Archive for the ‘Information’ Category« Older Entries |
March 21, 2012 • By Dan Hinmon, Principal
New health-related research can stir up a frenzy of interest on social media platforms (think of how recently antioxidants or probiotics entered the general public’s vocabulary). When a new finding is reported, social media platforms buzz and hospitals often field calls from reporters seeking physician experts to comment on the latest findings.
Although there are many attributes of social media, one drawback is the difficulty in assessing the credibility of health information due, in part, to the vast amount available on the web.
The public is hungry for credible sources of health information. Using Open Access resources is a cost-effective way to locate new health-related information and use it to engage communities and build your hospital’s reputation as a credible go-to social media source. (more…)
Tags: Creative Commons Attribution, David Hill, Open Access, Open Access Map, Scholarly Information Sourcebook, scientific journals, Sharon Terry
Posted in Blogging, Content, Facebook, Information, Patients, Physicians, Social Media, Strategies, Twitter | 3 Comments »
January 12, 2012 • By Dan Hinmon, Principal
Recently I took advantage of an invitation that had been sitting in my inbox for a few weeks and joined the new visual social network Pinterest. If you haven’t heard about it yet, Mashable writer Stephanie Buck called it “one of the hottest new social networks on the radar for a few months now” in her article Pinterest: 13 Tips and Tricks for Cutting Edge Users. Pinterest describes itself as “a virtual pinboard.”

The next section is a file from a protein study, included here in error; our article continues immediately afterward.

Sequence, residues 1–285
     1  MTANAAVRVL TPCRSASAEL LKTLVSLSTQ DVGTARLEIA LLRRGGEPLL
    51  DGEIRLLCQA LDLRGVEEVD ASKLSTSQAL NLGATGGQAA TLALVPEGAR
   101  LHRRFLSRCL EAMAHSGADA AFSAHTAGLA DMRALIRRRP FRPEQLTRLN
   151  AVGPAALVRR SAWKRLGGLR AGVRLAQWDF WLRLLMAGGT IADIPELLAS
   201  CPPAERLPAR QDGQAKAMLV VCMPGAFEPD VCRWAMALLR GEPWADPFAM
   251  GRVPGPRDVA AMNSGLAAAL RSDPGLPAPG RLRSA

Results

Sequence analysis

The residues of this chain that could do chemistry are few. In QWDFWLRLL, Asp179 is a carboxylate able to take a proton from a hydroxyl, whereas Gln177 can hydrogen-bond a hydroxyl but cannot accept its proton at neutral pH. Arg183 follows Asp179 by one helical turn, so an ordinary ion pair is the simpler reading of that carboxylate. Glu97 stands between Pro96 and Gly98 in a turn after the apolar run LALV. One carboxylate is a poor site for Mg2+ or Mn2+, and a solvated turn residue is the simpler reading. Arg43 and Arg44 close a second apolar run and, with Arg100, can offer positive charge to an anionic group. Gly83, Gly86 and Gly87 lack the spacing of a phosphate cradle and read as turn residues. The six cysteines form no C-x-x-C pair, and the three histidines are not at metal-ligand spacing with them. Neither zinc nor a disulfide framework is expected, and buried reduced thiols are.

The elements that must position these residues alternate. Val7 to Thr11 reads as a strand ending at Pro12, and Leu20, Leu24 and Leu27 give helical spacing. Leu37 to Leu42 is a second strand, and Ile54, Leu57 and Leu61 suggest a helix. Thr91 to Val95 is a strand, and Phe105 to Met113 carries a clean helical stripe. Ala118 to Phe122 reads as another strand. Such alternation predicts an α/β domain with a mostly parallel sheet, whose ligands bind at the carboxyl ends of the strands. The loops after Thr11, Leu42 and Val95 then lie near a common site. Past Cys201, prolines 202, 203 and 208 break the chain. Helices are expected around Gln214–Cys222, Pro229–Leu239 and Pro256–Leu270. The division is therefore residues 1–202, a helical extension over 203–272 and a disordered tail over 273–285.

Its website explains that it “lets you organize and share all the beautiful things you find on the web. People use pinboards to plan their weddings, decorate their homes, and organize their favorite recipes. Best of all, you can browse pinboards created by other people. Browsing pinboards is a fun way to discover new things and get inspiration from people who share your interests.”
As with any new social media tool in its initial offering … I see a lot of possibilities for healthcare communication…and some areas where I’d like to see improvement. (more…)
November 14, 2011 • By Dan Hinmon, Principal
Hospital marketers, Chris Boyer has an important message for you: People don’t like your hospital.
But before you take it personally, it’s not just your hospital. It’s every hospital.
Boyer is director of digital marketing and communications for Inova Health System in northern Virginia, a member of Mayo Clinic social media advisory board, and was recently named one of 11 social media faces to follow by Fierce Health IT. I interviewed him last week. (more…)
September 27, 2011 • By Dan Hinmon, Principal
If you read my blog posts on any regular basis, you’ll know I’m a social media advocate.
I share information that I hope will help hospital and clinic marketing directors persuade their “C-Suites” to begin adopting social media. I ferret out studies and statistics that shine a light on the expansion and adoption of social media in healthcare. I share information to help break the stereotype that social media is only a tool to engage the young and should be dismissed by hospitals because most patients are not.
Yesterday Pew Research Center published an interesting study that shines a light on how people access their news in an area of healthcare that local hospitals and clinics need to be especially concerned about – social services. (more…)
September 20, 2011 • By Dan Hinmon, Principal
Here’s social media strategy that, at first glance, may appear to be contradictory or, at the very least, not a good use of hospital resources.
I suggest that as the availability of online healthcare news becomes more prevalent and the number of patients searching the Internet seeking healthcare news increases, hospitals should become MORE involved in aggregating and creating healthcare news outlets for their patients.
For example, I am suggesting that a Cancer Center aggregate and create a newsfeed, blog, Facebook page, Twitter feed or other news distribution mechanism. (more…)
Tags: Anual Review of Nursing Research, M.H. Mishel, Uncertain Terms: Message Features of Online Cancer News, Uncertainty in Chronic Illness, uncertainty reduction theory
Posted in Information, Patients, Social Media | 2 Comments »
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